I don’t know the Methodist story as well as the PC(USA) or maybe the Episcopalians , but let me guess how this came about. Probably starting in the early 1900s you started getting more theologically liberal pastors. They started teaching things that weren’t in line with the historic teachings of your denomination. They got more and more control as time went on. If I had to guess further, the conservatives didn’t do a good job of excommunicating these people as they should have. They thrived on lies, saying they believed in the old things but changing the meaning of words.… Read more »
Paul W.
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Paul W.
7 months 4 days ago
Good analysis, Geoff. The UMC has been able to hold on to orthodoxy longer then the Presbyterians and Episcopalians due to the differences in our rules. First, our General Conferences have both lay and clergy representation — for the last century, the laity has been much more theologically conservative than the clergy. Second, our theologically conservative Wesleyan doctrine is protected by a “restrictive rule” that does not allow it to be changed — this has been a big help, but as with the denominations you mention, the theologically liberal bureaucracy hates this and tries to work around it by a… Read more »
Kevin
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Kevin
7 months 5 days ago

That sounds about right.

jimmie shelby
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jimmie shelby
6 months 14 days ago

Solomon would most probably have divided the church

mark mcroberts
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mark mcroberts
7 months 1 day ago
As a gay man who joined the MEC in 1966 @ 10. I remember all the bigotry and outright digust of our conservative white members. I was horrified I had black classmates that were friends. We now have black members who came from the AME. I am much happier with a racially diverse church. I have been fired from a job for being gay, im still my mothers shame. But I have decided that if I can not be an equal member I am DONE and I WILL BECOME A NONE. I will burn my mec bible from when I… Read more »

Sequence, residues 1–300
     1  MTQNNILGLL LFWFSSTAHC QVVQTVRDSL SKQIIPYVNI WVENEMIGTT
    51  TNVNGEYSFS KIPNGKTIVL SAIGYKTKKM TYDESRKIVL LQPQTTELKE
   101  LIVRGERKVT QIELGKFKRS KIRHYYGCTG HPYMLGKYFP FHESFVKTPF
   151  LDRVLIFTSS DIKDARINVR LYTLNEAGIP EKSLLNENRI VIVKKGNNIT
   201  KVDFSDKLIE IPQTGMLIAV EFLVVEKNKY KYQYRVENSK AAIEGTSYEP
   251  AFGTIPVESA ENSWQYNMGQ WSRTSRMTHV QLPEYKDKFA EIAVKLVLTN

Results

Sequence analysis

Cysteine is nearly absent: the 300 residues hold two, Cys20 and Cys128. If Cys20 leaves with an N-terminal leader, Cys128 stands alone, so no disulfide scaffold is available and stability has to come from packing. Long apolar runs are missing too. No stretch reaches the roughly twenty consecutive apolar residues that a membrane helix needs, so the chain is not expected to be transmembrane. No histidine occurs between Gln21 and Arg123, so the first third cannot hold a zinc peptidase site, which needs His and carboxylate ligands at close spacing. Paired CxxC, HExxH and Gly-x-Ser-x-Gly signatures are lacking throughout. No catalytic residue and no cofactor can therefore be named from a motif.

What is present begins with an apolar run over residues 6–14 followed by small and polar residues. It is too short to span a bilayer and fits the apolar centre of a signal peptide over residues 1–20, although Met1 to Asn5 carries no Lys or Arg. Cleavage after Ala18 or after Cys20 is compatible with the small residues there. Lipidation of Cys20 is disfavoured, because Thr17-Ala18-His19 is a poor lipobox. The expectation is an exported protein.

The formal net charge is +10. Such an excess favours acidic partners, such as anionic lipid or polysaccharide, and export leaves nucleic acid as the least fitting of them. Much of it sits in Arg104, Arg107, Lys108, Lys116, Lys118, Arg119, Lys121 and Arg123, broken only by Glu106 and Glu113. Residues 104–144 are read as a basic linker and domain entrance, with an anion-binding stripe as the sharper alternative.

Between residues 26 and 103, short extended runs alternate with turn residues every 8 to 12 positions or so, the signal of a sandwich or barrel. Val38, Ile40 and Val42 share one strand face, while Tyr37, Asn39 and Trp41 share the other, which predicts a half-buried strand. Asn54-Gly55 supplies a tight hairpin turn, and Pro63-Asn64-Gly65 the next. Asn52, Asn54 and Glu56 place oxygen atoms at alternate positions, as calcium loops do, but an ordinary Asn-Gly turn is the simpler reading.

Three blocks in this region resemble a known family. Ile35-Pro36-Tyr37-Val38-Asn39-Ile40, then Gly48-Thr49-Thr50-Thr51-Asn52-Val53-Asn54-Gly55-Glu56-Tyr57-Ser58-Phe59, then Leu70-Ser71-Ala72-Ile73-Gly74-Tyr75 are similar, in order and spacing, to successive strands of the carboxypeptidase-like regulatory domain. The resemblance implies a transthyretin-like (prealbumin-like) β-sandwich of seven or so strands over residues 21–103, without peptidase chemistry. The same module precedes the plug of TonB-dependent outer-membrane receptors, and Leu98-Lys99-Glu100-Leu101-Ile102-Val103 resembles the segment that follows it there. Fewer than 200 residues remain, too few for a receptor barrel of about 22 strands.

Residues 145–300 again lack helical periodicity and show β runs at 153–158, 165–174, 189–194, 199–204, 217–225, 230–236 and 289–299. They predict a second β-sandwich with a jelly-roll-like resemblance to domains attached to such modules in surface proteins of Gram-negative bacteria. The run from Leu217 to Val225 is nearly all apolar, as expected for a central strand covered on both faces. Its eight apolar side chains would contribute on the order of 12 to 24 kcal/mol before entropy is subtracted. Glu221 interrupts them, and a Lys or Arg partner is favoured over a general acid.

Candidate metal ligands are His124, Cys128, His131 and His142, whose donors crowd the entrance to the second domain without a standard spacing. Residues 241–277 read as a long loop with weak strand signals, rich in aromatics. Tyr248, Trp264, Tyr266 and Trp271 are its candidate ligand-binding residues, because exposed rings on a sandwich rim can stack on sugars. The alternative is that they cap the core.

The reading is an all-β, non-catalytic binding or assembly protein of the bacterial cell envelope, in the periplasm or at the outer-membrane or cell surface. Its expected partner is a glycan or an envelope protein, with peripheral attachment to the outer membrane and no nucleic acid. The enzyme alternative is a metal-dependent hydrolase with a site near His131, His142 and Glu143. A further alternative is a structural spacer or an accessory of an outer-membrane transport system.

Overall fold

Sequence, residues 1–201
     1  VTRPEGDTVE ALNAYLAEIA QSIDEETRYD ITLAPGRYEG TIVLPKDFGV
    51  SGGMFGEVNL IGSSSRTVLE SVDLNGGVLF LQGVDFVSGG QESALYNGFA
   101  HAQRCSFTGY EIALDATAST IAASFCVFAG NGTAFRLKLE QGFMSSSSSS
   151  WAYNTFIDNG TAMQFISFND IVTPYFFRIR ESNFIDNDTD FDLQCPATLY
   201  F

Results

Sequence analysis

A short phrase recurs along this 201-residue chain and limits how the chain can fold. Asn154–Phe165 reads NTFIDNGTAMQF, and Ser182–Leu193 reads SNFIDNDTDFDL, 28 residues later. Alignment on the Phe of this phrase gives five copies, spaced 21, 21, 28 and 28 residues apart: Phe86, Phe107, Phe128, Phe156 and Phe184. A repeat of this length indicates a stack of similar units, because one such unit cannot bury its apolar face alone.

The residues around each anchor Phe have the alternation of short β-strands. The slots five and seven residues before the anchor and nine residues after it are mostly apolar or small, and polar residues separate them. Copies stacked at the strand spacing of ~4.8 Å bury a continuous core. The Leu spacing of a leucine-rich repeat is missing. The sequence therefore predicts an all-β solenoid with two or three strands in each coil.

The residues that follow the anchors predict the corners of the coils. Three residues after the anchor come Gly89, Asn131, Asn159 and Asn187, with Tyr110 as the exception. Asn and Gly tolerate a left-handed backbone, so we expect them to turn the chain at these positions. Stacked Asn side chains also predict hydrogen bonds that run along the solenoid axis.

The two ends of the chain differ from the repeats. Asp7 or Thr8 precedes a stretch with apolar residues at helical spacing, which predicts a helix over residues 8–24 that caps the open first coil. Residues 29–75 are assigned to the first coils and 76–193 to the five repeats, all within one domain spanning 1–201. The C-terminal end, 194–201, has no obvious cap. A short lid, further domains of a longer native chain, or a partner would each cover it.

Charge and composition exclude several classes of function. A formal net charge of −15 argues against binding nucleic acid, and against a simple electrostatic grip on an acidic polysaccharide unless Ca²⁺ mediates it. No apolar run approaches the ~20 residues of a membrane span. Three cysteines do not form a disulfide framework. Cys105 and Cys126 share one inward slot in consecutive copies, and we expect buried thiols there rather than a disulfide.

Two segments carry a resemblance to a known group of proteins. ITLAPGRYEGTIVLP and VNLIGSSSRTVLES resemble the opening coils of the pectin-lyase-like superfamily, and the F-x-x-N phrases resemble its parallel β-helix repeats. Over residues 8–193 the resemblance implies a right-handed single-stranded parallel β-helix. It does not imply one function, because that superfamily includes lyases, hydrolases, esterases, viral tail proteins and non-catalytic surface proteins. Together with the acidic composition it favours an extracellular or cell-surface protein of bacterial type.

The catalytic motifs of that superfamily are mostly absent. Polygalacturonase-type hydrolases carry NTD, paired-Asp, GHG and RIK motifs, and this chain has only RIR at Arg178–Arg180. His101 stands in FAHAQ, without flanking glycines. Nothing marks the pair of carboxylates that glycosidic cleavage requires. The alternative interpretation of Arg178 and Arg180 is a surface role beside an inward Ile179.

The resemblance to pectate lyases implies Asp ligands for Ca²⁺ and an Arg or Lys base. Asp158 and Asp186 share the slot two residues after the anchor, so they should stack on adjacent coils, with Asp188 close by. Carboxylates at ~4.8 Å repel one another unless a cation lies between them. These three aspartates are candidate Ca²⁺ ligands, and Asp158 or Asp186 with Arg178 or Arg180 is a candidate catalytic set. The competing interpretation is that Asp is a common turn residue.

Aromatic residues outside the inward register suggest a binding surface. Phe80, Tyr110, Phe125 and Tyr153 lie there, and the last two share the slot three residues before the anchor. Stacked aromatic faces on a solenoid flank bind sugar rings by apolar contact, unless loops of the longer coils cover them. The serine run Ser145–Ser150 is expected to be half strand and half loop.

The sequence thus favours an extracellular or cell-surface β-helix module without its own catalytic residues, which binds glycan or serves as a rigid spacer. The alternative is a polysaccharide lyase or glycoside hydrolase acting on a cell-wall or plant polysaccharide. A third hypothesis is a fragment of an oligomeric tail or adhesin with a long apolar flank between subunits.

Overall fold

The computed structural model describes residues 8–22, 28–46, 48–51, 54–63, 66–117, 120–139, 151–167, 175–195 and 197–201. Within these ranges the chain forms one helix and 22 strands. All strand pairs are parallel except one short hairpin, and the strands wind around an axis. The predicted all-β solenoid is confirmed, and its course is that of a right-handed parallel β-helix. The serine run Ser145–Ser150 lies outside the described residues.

Arbuthnaught
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7 months 4 days ago

I wonder that if the Wesley brother were to be magically transported through time to our day if they would even recognize the Methodist Church as the one they had founded. It is possible that they might not opt for a Solomonic solution but might just shut down the denominational seminaries and fire every second pastor and opt for an entirely lay lead model instead.

Eric Pone
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Eric Pone
7 months 4 days ago
Everyone seems to be ok with the status quo of fighting over it. Many have threatened to leave over this biblical teaching or that. I have taken the middle comfy road. I have chosen to not ordain and not belong to a congregation. I attend and volunteer and give via regular deposit. But…… If I want to officiate a gay wedding (haven’t been asked probably won’t be) I will do it. I will not be controlled by third world values. I find standing outside in love and support has taken a huge weight off my shoulders. If folks want to… Read more »
Kevin
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Kevin
7 months 3 days ago

“I will not be controlled by third world values”.
A statement like that speaks volumes. It shows contempt for our collective decision making process, denying the presence of the Holy Spirit during our Holy Conferencing. It tells the Africans that their opinions are of diminished worth because we in the more advanced society know better. This of course is the modern form of colonialism that The UMC is practicing, cultural colonialism as apposed to political colonialism. This kind of arrogant elitist thinking is what put us in this box and is undermining our connection.

Wes Andrews
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Wes Andrews
7 months 5 days ago
Every time the Hebrew people broke their covenant with God that placed them outside of God’s will and they had to live with the consequences of their choices. The broken covenant of those who refuse to trust in the authority of Scripture and refuse to respect the BOD is distracting the mission of the UMC. They should be allowed to take their property and go. Any local church should be allowed to take their property and go if they believe the denomination has walked away from God’s inspired truth for us. If GC 2016 embraces another definition of marriage other… Read more »
Eric Pone
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Eric Pone